As a listener, I had no idea what had actually happened, only that the report was a big, breaking story of some sort. As presenter Nicky Campbell questioned his eyewitness, it became clear the Radio 5 news team had seen a Tweet from the man about an incident. He’d also Tweeted a picture.

Presumably, the Radio 5 team managed to contact him via social and arrange the phone link and interview. While he was coherent and clear in his description, the report had a disturbing rawness, because his voice carried that slight tinge of hysteria which suggested shock was still setting in.

In the next few minutes a selection of social media posts and updates were reported by Campbell and co-host Rachel Burden. The aggregate picture was rich, detailed, colourful and informative.

The emerging scene was one of a low flying helicopter which surprised many ordinary people on the ground with its altitude and trajectory. At some point it appeared to have collided with a crane atop a building under construction. The noise it created was mentioned a lot.


Then the doomed chopper spiralled to the ground, where the many descriptions painted a picture of a Hollywood-esque explosion, sending black smoke and intense flames billowing skyward.

Early reports also suggested at least two cars on the ground had been hit by the helicopter, or caught in the fireball.

The reportage made repeated references to the images being shared by ordinary people from the scene. As of writing, I haven’t seen any of the images – yet the mental picture I have is powerful.

Photographs taken at street level showed burning tendrils of helicopter fuel licking along the tarmac. Others from buildings overlooking the scene showed the burnt out fuselage and the attendant frenzy of emergency service vehicles. Others captured the scale of the oily smoke cloud.

Witnesses told of the eerie moments of silence immediately after the collision.

Of course, the BBC had to caveat its reportage by stressing that many of these points could not yet be reported as fact, as they had not been confirmed by official sources.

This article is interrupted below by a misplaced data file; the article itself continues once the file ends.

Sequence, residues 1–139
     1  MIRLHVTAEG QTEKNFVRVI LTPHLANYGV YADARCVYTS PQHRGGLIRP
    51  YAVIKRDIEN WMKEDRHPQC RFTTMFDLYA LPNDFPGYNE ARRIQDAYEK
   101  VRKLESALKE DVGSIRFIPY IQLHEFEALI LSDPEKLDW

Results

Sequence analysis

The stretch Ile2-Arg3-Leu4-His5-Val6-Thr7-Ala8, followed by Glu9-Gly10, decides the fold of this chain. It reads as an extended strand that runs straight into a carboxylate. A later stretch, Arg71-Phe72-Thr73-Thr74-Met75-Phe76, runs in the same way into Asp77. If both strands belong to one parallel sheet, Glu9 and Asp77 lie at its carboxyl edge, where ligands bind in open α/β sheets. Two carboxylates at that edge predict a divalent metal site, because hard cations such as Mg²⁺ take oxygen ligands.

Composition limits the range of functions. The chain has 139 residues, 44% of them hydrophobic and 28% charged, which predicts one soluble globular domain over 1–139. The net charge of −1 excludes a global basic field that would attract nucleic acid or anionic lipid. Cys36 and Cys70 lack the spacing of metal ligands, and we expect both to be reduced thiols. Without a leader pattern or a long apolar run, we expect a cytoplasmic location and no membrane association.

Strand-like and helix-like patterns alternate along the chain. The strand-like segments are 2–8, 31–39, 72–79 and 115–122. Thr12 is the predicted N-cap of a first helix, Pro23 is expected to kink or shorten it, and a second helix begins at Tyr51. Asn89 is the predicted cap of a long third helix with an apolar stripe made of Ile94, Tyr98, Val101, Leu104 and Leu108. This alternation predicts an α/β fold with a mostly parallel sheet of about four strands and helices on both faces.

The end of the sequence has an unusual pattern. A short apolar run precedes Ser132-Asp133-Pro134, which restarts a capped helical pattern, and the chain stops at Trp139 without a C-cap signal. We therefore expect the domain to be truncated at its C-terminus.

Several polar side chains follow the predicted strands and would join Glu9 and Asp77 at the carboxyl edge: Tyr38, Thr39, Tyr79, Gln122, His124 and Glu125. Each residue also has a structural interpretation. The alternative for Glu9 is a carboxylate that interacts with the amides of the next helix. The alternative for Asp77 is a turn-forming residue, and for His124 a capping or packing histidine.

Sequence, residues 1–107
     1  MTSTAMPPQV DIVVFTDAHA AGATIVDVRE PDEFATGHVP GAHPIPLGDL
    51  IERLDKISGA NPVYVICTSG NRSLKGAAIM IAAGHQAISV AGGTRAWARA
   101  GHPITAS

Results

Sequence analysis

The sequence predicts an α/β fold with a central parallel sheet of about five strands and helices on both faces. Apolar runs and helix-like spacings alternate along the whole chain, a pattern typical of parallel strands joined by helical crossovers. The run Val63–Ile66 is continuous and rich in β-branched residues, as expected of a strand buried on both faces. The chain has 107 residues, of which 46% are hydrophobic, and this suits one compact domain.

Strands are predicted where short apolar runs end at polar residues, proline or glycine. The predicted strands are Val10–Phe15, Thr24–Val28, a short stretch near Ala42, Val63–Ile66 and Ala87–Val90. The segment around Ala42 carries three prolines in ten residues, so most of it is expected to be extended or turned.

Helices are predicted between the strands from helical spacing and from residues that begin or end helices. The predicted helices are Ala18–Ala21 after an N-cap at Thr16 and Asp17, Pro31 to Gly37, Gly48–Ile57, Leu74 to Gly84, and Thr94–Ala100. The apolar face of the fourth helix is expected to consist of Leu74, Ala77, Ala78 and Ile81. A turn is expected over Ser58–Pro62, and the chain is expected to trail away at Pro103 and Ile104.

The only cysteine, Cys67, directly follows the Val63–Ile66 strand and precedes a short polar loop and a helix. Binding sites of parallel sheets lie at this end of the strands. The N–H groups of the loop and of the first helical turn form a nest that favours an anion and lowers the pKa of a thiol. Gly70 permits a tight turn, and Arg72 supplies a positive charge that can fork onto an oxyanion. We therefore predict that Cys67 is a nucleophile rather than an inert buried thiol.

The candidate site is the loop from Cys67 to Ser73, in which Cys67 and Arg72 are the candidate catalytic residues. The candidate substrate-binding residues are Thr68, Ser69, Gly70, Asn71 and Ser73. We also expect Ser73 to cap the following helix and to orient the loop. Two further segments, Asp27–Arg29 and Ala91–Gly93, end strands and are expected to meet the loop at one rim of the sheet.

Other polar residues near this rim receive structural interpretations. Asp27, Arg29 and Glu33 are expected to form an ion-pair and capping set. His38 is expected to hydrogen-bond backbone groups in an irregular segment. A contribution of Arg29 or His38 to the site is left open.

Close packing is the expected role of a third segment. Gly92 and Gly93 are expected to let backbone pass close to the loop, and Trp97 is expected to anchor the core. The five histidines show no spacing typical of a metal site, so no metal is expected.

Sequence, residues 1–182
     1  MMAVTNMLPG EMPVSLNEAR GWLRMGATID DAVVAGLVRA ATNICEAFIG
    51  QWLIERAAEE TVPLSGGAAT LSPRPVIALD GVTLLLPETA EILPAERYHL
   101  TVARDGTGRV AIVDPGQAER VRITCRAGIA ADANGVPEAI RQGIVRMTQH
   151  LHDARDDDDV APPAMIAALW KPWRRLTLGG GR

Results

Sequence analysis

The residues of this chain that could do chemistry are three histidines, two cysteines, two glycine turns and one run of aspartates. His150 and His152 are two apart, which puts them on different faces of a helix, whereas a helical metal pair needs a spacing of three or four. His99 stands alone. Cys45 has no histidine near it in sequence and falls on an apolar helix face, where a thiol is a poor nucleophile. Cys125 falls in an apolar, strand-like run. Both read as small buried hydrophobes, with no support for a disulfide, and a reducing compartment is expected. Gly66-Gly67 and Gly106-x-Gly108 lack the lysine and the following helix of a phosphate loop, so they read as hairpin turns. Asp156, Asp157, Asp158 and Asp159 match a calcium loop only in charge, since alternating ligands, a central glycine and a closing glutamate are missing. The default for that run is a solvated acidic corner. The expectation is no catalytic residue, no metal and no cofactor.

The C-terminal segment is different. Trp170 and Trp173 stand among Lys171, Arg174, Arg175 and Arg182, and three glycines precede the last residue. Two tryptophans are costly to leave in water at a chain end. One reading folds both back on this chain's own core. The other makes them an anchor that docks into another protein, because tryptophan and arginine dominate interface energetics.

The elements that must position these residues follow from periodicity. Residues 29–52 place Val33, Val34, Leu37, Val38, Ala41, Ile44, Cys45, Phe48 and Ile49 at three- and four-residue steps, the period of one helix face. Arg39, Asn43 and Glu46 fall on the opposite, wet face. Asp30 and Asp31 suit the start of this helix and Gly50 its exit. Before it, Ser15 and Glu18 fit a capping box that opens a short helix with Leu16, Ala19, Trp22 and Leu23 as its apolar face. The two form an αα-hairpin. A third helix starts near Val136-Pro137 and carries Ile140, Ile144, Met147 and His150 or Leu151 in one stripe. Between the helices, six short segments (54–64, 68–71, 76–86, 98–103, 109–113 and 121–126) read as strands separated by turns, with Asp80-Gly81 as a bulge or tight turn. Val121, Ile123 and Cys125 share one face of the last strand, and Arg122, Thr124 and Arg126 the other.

Contrast this intense few minutes of reporting with what the Radio 5 Live journalist was able to offer when Campbell and Burden cut to him.

I missed the reporter’s name, but the poor guy was left struggling to add anything meaningful. Unlike the many social media commenters, he simply wasn’t at the scene.

All we really learned was that he was having trouble getting through to London Fire Brigade Press office because it was, understandably, dealing with a huge number of calls.

Otherwise, all he was able to tell us was that he had managed to speak with the Met Police press office – and they had confirmed they were attending the scene; that they had many officers involved, but couldn’t confirm exactly how many.

It was a sterile and near pointless contribution. The reporter actually punctuated his dry commentary with repeated references to “as you can see from the pictures on Twitter”.

The net effect was to highlight the impotency of remote commentators. Particularly when set against multiple short updates – even just 140 character long – being knitted together into a vivid, living and dramatic account of breaking events.


The good news is that this isn’t – or shouldn’t be – bad news for traditional media outlets. The Radio 5 live reaction was brilliant.

Presenters Campbell and Burden skilfully let the updates,  punctuated by live links to eyewitnesses, tell the unfolding story in a very powerful and coherent way.

Until now I have heard much talk about ‘curation’ and its emerging place in the news cycle. Today I listened to it first hand – and feel confident the future of journalism and news reporting – deeply enriched by the power of ordinary people’s social media updates – is secure for a very long time to come.

Now, I guess, I should go and read the latest online reports, check the TV coverage and wait and see what tomorrow’s printed newspapers will dig out.

You can’t get slicker than a PR fixer – we’re the boys to trust.

A version of this post first appeared on All Media Scotland on January 13, 2013

Illuminating: Lightbulb moment.

Illuminating: Lightbulb moment.

Talk about a lightbulb moment.

A dicky brake light in my trusty old Saab led me to a couple of moments of PR illumination over the past couple of days. It resulted in a trip to Kwik-Fit at McDonald Road, Edinburgh, an outlet I’ve visited a dozen times over the past decade.